Saints and martyrs
- Anselm of Canterbury
- ‘Utterly orthodox and utterly radical’
- St Cuthbert – opening the door to the heart of heaven
- The man who would be king
- The saint and the sultan
- Dietrich Bonhoeffer: faith as unsovereign attention
- The life and legacy of Mary Sumner
- Mary, Mother of Our Lord
- Anglican Church remembers missionaries on New Guinea Martyrs Day
- Julian of Norwich: ‘all shall be well’
- A maverick medieval mystic for modern times
- Ugandan Anglican Martyr, Archbishop Janani Luwum
- Benedict of Nursia
- Lady Eliza Darling – pioneering social reformer and evangelical Anglican
- Hildegard of Bingen
Evelyn Underhill (1875-1941) is commemorated in our liturgical calendar on the day she died, 15 June. Thirty-five years after her death, Michael Ramsay, the then Archbishop of Canterbury, reminded members of the Church of England that this amazing woman was still relevant, and profoundly worthy of her reputation in her own time as a scholar, a teacher, a writer, and a mystic:
“She did much to extend the tradition of ‘spiritual direction’ which elicits people’s own spiritual capacities and helps them find themselves in paths of freedom…She was able to use the insights…from her own studies for the expression of theology and spirituality of a distinctively Anglican kind. Few in modern times have done more to show the theological foundations of the life of prayer and to witness to the inter-penetration of prayer and theology. She has a place of her own, and it is an important one.” (Allchin & Ramsay, 1977, p.22).
Her prolific literary output during her lifetime testifies to all the above. Between 1901 and her death, she wrote or edited 39 books, over 350 articles and book reviews, and hundreds of letters, many of which have been collected into two fascinating anthologies: The Letters of Evelyn Underhill (edited by Charles Williams, 1956), and The Making of a Mystic (edited by Carol Poston, 2010). A large number of the early letters were written to her first spiritual directee, Margaret Robinson. These began as early as 1904, at which stage she was passing from passive resistance to religion to a dangerous dabbling in ritual magic via ‘The Hermetic Society of the Golden Dawn’ between 1904 and 1907. For her it provided fellowship – many members were, like Evelyn, disenchanted with the established religions, but still sought spiritual sustenance. Several did return to their churches. Evelyn herself left hoping to join the Roman Catholic Church. Fortunately for Anglicans, she chose to return to the church of her baptism.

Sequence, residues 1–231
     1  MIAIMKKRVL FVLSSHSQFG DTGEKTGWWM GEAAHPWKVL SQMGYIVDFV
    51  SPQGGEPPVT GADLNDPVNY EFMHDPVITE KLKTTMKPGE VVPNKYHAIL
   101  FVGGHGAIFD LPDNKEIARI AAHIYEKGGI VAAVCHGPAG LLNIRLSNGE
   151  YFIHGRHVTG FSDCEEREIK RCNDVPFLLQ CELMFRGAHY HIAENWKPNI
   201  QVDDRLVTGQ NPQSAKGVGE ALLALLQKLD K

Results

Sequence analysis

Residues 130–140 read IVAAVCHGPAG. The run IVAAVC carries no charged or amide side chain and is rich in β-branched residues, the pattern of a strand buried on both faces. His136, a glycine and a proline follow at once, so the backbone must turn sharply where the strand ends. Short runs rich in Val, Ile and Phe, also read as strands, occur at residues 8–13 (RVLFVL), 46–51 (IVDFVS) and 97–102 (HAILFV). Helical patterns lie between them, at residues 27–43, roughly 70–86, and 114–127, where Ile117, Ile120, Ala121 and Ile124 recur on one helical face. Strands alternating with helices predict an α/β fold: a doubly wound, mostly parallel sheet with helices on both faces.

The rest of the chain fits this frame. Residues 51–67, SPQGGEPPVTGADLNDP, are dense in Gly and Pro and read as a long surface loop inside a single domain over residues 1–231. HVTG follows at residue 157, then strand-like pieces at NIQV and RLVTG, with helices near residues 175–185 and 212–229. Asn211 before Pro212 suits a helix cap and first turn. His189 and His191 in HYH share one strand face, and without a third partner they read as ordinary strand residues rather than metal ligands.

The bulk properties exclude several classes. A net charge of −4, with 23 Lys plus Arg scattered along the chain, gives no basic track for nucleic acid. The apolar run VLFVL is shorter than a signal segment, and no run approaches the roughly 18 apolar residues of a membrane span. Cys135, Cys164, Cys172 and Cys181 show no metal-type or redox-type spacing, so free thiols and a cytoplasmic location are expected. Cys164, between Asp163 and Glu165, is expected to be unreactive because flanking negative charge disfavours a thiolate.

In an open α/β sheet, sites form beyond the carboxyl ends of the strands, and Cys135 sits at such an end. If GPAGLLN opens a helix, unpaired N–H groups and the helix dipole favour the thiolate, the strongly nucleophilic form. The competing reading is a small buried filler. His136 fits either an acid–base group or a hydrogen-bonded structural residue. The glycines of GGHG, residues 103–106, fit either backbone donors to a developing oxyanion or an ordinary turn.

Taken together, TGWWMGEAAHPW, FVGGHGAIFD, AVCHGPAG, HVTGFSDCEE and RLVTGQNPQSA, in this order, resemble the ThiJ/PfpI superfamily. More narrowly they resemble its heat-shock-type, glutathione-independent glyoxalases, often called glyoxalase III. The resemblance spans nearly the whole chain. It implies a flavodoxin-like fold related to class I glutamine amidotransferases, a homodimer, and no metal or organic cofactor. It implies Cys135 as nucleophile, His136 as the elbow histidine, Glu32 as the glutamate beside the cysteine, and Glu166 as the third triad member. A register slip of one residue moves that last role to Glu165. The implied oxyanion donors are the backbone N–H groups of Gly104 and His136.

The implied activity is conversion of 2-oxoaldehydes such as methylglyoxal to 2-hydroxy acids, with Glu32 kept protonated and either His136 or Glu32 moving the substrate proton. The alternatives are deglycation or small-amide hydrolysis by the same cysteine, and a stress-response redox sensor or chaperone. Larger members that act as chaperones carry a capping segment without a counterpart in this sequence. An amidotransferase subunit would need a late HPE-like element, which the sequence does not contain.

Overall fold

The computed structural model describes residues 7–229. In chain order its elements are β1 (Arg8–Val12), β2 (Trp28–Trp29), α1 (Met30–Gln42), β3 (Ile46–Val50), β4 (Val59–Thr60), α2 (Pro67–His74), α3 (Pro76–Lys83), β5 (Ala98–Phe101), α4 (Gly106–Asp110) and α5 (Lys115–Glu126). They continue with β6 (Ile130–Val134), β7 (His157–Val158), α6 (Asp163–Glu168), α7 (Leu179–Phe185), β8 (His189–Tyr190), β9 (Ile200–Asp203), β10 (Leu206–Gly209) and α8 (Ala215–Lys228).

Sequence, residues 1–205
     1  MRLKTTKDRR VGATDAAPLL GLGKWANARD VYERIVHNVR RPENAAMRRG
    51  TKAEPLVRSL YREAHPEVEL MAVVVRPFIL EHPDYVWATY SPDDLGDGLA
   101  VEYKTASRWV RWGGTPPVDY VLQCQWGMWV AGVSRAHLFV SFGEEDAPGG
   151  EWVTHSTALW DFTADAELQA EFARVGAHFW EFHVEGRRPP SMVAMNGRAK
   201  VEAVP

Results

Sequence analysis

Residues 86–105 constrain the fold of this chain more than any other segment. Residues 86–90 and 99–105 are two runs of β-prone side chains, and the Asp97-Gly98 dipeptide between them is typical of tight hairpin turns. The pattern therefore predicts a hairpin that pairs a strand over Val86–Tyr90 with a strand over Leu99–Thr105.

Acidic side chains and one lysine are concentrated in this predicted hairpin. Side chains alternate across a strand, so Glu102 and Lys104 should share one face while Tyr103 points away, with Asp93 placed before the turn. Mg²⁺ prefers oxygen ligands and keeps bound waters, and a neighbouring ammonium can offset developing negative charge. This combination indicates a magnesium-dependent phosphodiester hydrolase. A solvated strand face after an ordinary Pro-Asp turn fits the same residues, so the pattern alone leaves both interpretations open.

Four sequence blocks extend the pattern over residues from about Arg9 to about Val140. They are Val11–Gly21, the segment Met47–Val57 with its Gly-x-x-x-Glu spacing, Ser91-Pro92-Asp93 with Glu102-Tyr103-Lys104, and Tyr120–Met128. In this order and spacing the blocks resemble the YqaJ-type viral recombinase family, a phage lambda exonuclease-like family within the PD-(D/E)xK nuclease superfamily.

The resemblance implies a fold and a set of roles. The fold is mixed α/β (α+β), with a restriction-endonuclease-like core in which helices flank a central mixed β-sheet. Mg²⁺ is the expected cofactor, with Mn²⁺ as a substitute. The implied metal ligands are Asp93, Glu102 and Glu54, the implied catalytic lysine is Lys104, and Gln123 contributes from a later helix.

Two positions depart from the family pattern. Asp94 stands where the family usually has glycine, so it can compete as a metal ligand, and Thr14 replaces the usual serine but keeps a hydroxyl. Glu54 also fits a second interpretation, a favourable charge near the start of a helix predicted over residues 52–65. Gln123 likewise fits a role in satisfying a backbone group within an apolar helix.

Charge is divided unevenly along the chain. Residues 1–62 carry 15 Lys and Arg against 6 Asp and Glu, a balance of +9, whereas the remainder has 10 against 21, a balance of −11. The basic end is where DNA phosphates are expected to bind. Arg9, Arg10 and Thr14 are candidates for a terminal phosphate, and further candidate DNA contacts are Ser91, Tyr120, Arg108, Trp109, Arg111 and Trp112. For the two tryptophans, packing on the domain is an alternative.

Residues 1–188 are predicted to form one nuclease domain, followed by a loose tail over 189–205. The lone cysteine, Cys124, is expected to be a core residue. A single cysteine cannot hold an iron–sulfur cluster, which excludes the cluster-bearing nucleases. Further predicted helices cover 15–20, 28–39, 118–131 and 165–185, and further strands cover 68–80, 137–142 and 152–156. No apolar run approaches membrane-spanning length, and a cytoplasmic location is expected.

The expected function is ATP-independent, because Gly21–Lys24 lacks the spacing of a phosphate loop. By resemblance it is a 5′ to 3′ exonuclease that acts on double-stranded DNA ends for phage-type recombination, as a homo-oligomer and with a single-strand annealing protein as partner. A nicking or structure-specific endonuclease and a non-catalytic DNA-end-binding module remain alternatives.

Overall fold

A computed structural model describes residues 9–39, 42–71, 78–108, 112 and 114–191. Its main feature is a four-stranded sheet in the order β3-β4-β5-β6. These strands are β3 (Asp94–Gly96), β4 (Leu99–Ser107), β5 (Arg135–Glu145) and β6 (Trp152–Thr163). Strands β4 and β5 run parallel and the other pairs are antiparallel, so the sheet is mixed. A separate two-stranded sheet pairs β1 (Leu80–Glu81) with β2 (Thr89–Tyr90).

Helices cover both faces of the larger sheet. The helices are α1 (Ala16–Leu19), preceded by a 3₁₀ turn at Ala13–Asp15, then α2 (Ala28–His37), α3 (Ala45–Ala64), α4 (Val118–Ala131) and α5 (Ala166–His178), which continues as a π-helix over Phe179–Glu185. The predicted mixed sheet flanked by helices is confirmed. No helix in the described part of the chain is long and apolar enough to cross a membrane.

It was not until 1921 that Evelyn recommitted herself to the Church of England. Possible reasons, apart from a longing for spiritual fulfilment and stability, are a breakdown she experienced after World War I, and the death of her dearest friend and spiritual confidante, Ethel Ross Barker. And, perhaps the paradox of her religious life was catching up with her. She had never had a spiritual director of her own, yet for years she had dispensed such advice to others. However, her writings had firmly established her as an authority on theology, spirituality, and most matters religious.
Her success had been achieved with multi-generic acclaim. Evelyn wrote three novels: The Grey World (1904); The Lost Word (1907), and The Column of Dust (1909). These books resounded with mystical and magical themes and occurrences, and reflected a search for meaning, for spiritual identity, the opportunity to live life on a higher plane, and even a quest for Eternity, for ‘the Other’, for God.
However, her quest really began with her annual excursions to Italy and France with her mother. Through art and architecture, her soul was gradually growing “into an understanding of things.” In her first letter to her first spiritual directee (Margaret Robinson), she admitted:
“…this state of spiritual unrest can never bring you to a state of vision, of which the essential is peace…and struggling to see does not help one to see. The light comes, when it does come, rather suddenly and strangely….” (Letters, 1956, p.51)